In 1947, Stravinsky visited the Art Institute of Chicago and viewed a series of engravings by the 18th-century artist William Hogarth, entitled A Rake’s Progress. These eight scenes, which traced the descent of Tom Rakewell from respectability to debauchery to madness, struck him immediately with their dramatic potential—and thus, the seed was planted for what became his neo-classical operatic triumph, The Rake’s Progress. What were these artworks that so sparked his imagination, and who created them?
William Hogarth was born in 1679, in London. His father, Richard Hogarth, was an unsuccessful Latin teacher and textbook writer. The family was poor, and after a failed business venture, his father was sent to debtors’ prison for five years. The infamous Fleet Prison generally held about 300 prisoners and their families, so Hogarth was exposed to hardship at a young age. Apprenticed to an engraver, he learned the trade and took up oil painting, for which he had a natural talent. By 1720, Hogarth had become an engraver in his own right and begun his early career.
Hogarth was very concerned with the morality of his fellow citizens and turned a keen observational eye to the people of London—from the heights of society to the bawdy company of the streets—that he illustrated. Hogarth is often credited as the founder of sequential art, pioneering art that told a story through depicting images in sequence, laying the groundwork for later forms such as cartoons as well as the film storyboards of today. One of his first great artistic successes was called A Harlot’s Progress (1731), a series of six paintings that showed the story of a young woman who arrives to London from the country and falls into a life of prostitution. Hogarth first painted the third in the series, which depicts the young woman as a prostitute in her bedroom. Having finished it, he was struck with the idea of showing scenes from her earlier life—and thus, the sequential series was born. A Harlot’s Progress was destroyed in a fire in 1755, but the original engravings have survived.
A Rake’s Progress came soon after and follows a similar theme and story. Hogarth painted the eight scenes over the course of 1732–33, then created engravings of them and published those in print in 1734. The story follows Tom Rakewell, who inherits a sum of money after the death of his father, rejects his pregnant fiancée to go to London, and proceeds through a series of bad choices to debauchery and debt, until he ends up insane and locked in Bedlam Hospital, London’s notorious mental asylum. See the full series of eight paintings/etchings, along with the original descriptions of the story, here.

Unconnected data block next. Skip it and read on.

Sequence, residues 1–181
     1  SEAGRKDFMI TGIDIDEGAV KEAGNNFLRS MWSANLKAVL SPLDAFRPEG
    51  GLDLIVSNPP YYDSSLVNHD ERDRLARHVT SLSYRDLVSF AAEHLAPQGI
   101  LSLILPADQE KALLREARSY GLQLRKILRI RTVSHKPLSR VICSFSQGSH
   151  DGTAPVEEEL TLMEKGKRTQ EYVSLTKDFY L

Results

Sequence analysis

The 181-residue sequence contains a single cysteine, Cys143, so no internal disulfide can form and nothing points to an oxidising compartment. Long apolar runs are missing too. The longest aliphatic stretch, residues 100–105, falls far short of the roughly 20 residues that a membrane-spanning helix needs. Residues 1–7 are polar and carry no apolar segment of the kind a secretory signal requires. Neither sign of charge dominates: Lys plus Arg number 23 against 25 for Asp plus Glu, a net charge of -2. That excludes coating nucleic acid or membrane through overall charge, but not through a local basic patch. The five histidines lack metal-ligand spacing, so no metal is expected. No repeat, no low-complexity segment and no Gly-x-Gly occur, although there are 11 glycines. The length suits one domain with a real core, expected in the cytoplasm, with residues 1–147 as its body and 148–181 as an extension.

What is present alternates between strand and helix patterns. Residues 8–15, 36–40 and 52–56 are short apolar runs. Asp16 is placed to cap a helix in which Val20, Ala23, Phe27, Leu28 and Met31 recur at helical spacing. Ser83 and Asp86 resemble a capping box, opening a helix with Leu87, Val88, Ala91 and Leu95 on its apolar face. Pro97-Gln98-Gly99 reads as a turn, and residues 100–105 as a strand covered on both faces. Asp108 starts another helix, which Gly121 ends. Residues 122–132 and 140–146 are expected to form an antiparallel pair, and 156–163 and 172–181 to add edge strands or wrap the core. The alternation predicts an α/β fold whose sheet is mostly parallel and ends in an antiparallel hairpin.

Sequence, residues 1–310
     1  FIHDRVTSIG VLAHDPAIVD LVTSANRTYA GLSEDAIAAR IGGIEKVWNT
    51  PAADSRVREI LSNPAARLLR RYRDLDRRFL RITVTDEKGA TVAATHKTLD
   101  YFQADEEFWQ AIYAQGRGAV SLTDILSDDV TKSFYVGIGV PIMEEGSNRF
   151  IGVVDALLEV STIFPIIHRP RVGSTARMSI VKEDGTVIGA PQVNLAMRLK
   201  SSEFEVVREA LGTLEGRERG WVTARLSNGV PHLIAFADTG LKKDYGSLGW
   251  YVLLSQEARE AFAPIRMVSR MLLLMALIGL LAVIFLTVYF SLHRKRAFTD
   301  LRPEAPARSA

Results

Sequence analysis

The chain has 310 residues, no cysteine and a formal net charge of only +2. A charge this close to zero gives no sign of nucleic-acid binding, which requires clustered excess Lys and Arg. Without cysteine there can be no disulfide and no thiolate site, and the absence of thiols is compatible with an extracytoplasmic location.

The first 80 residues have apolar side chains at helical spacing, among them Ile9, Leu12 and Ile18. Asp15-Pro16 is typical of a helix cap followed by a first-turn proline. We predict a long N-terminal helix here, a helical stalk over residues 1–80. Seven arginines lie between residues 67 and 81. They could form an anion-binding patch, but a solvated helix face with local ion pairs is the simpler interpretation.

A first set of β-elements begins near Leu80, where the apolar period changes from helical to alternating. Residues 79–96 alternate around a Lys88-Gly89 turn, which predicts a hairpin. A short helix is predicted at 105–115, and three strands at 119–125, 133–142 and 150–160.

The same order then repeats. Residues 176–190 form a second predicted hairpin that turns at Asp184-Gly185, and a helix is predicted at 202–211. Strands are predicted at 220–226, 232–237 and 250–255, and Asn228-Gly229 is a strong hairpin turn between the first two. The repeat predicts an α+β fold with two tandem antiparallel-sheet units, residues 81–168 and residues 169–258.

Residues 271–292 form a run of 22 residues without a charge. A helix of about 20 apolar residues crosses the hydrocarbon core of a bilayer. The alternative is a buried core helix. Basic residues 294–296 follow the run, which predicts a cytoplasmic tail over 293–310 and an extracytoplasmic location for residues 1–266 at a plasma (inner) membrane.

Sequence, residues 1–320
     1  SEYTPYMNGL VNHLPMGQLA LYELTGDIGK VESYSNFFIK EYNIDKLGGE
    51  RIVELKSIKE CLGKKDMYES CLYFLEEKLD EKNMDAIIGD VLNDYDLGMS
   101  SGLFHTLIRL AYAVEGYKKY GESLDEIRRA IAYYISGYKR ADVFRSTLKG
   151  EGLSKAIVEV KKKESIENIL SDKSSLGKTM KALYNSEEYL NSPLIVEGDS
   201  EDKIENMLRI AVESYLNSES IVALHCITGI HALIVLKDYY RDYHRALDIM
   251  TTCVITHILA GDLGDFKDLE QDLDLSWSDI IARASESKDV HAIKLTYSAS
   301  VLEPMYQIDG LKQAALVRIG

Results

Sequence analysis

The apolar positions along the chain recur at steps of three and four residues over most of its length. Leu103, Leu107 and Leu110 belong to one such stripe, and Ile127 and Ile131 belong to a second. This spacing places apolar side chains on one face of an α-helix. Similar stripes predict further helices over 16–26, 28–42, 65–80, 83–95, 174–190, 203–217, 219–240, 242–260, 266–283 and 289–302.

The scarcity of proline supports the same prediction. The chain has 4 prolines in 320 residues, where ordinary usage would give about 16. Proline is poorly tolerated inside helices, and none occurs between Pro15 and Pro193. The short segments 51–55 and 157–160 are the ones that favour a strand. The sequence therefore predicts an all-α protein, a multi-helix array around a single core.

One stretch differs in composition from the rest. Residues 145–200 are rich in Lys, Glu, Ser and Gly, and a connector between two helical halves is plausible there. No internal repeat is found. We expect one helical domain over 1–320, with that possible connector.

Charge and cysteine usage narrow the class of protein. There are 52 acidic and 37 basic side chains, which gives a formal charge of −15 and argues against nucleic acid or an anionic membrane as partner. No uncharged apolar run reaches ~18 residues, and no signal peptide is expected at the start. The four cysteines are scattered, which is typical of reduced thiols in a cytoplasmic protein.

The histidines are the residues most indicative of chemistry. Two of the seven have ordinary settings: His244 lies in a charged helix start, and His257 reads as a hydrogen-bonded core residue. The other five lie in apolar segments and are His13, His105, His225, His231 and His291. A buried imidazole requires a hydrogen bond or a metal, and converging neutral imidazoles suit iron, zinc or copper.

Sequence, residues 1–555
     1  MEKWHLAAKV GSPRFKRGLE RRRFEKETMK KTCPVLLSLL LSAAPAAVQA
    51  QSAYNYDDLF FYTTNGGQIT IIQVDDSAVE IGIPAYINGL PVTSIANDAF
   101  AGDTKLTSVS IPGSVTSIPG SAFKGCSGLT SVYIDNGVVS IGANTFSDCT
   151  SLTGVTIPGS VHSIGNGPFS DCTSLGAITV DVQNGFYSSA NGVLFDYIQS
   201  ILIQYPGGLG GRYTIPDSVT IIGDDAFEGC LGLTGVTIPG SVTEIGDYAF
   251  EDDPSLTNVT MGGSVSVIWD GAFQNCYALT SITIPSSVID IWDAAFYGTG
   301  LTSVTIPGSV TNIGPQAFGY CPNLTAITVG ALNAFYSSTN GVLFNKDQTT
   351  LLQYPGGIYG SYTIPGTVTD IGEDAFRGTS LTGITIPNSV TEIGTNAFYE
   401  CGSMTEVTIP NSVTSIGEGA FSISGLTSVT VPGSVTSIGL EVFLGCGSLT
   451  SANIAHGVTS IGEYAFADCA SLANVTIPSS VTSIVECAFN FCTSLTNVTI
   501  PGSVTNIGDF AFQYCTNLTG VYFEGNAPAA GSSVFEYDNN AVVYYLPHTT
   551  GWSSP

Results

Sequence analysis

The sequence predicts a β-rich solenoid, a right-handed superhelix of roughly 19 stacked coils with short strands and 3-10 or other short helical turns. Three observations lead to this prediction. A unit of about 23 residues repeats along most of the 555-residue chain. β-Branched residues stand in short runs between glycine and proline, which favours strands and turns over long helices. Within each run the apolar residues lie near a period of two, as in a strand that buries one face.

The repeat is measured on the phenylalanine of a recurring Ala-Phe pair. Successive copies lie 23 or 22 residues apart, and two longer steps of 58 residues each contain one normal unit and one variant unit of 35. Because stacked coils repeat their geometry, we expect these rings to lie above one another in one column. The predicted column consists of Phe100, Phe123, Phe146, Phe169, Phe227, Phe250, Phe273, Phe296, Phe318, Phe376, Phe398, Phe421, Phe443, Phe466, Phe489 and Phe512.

The images, a series of dramatic tableaux, struck Stravinsky immediately. Back in Los Angeles, where the composer lived, he was introduced to the poet W.H. Auden as a librettist for the opera. Auden, a fellow neo-classicist and an avid opera fan, brought on Chester Kallman to the project as a collaborator. Auden and Kallman made some changes to Hogarth’s story—for instance, Tom’s simple, pregnant fiancée from the paintings becomes Anne Trulove, an innocent, devoted, operatic ingénue. In perhaps the most substantial change, the librettists introduced the character of Nick Shadow, a devilish tempter who leads the willing Tom down a path to his own destruction. In the Hogarth paintings, Tom’s poor choices are all his own; with the addition of Shadow, the opera harkens more closely to the many operatic retellings of the Faust story.
In his own time, Hogarth won both fame and fortune. He became a Freemason, painted portraits of London’s upper crust, and befriended some of the city’s great artists and thinkers, including Francis Hayman, Henry Fielding, and Laurence Sterne. He is remembered best as a satirist and a storyteller, as well as through Stravinsky’s enduring work, The Rake’s Progress.
Boston Lyric Opera's production of Stravinsky's The Rake's Progress runs March 12-19 at the Emerson / Cutler Majestic Theatre >> Learn More & Buy Tickets